JOTHAM RUSSELL – Edge/Linebacker (Gold Coast, Queensland)

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Jotham Russell: From NRL and gymnastics to studying Parsons & Miller

2024 NFL IPP prospect Jotham Russell says it’s been Von Miller, Micah Parsons and Fred Warner’s film he’s studied while transitioning to rushing the passer.

From offense to defence, Jotham Russell is on the expedited highway to the NFL courtesy of the IPP program and his 6’4″, 240-pound frame, leading NFL’s evaluators to hone his talents as a potential pass rusher. But rather than his rugby league background, it was another sport in his junior athletics career that has proved particularly handy.

“I’ve thanked gymnastics a lot more than once. I’ve got many skills from that itself,” Russell said to ESPN.

“It’s all I hear; bendy, hips, hip mobility, the ankles, everything like that. Even with the way I run, I’m always trying to get around people, so the bending was nothing too new. The way I played rugby league, it was always trying to get low, leverage myself.”

As for the players he’s been modelling off under the tutelage of the IPP coaches, the Canberra product says they started with “the best of the best”.

“Von Miller, of course… he just does it right. The way he gets off, he just has every trick in his arsenal. Looking towards someone for a build closer to me we started looking at Micah Parsons, who’s a big fella so they were being a bit generous,” he added with a grin.

“And then even going into like a linebacker position, we started looking at Fred Warner… he’s someone who I’d want to study for my game and shape myself in his image.

“Knowing how hard it is to simply know what the offense is going to do, where they’re going to be just by simply looking at small details… something as hard as that is, he makes it look easy.”

Taking on the NFL playbook with the shortest run-up of any of this year’s Australian prospects, it’s the grind and the detail of studying a new sport and applying it at high speed that has fuelled Russell’s commitment.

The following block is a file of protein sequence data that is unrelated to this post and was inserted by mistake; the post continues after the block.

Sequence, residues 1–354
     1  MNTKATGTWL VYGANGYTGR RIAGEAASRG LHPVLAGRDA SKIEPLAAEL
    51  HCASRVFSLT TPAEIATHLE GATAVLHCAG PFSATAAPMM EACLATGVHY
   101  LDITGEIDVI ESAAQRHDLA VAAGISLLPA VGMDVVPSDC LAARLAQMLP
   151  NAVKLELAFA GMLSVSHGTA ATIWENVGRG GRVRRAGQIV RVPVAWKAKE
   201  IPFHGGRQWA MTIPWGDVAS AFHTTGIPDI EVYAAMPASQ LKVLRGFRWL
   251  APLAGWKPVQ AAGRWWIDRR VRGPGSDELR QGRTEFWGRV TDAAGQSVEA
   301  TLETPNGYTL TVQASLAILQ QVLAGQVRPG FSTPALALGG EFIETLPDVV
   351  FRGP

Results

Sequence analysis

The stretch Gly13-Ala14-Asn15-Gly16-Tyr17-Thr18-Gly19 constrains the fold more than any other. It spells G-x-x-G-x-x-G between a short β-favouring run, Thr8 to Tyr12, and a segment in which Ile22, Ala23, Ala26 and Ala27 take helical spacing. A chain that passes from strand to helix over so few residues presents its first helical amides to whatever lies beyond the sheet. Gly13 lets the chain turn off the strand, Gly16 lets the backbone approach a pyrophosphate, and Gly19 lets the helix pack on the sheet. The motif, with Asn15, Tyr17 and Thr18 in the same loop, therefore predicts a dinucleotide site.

“I’ve loved the whole journey, the whole way through,” he said. “The challenges that have come and how I’ve overcome them, they’ve just been stepping stones into what’s made me love the sport even more.”

TORY TAYLOR – Punter, Iowa (Melbourne, VIC)

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Iowa’s Tory Taylor breaks single-season punt record

Iowa’s Tory Taylor sets the FBS record for the most punt yards in a single season.

Named college football’s best punter this past season, Taylor leaves Iowa City off the back of a career-best 48.2 yard average in 2023, good enough for fourth in the nation, and a single-season record 4,479 yards of total punting, breaking John Fingel’s 85-year-old mark.

Off the field, the star special-teamer also gained recognition in the Iowa community. Unable to profit from his name, image and likeness (NIL) as an international student, he raised tens of thousands of dollars for the ‘Count the Kicks’ foundation, which champions awareness for stillbirth prevention.

The Hawkeye is the unanimous top-ranked punter in the class among ESPN Draft analysts Mel Kiper Jr., Field Yates, Jordan Reid and Matt Miller, and Prokick Australia director Nathan Chapman broke down what separates the 26-year-old as a special teams prospect at the next level.

“A big lad with a big kick, lots of confidence and he’s composed,” Chapman said. “It’s a pretty great formula for getting into the NFL, and even though there’s pressures behind getting to that level, he’ll settle himself and handle it well.”

“He was always tall and could always kick it a long way. But then that self-belief and confidence grew, which then changed the way he approached every kick… to go, ‘No, I am good and I’m going to show it to you and this is going to be really hard for other teams to handle, because I’m going to kick the s— out of it.'”

Chapman believes the work Taylor has put down on film at Iowa deservedly has him touted as the top prospect at his position as teams start to look at adding special team help in the draft.

“He’s the best guy coming out and he’s got a lot of upside, so let’s hope those draft cards fall his way and he gets out of there on Saturday,” he said.

With the NFL’s Australian operation growing in reach, entering more and more schools with a rapidly spreading flag football program, and size, with Philadelphia left tackle Jordan Mailata back home promoting the game with high-ranking Eagles officials this past week, the overarching message is clear: The talent is here, and the NFL is going to find it.

Australia’s latest prospects aren’t confined to one position group, a single sporting background or the list of names above. Jordy Sandy out of Texas Christian University joins Taylor as part of the graduating Prokick Australia class, he had the keen eyes of Dallas Cowboys scouts locked on his efforts at ‘Dallas Day’ this past month at The Star in Frisco, Texas.

With all 32 franchises now able to carry a roster-exempt international player through preseason and onto their practice squad, combined with the increasing haste with which global talent is being signed by teams, the highway to the NFL isn’t just a teasing headline or contract-ploy. It’s paved and painted, and the traffic’s picking up.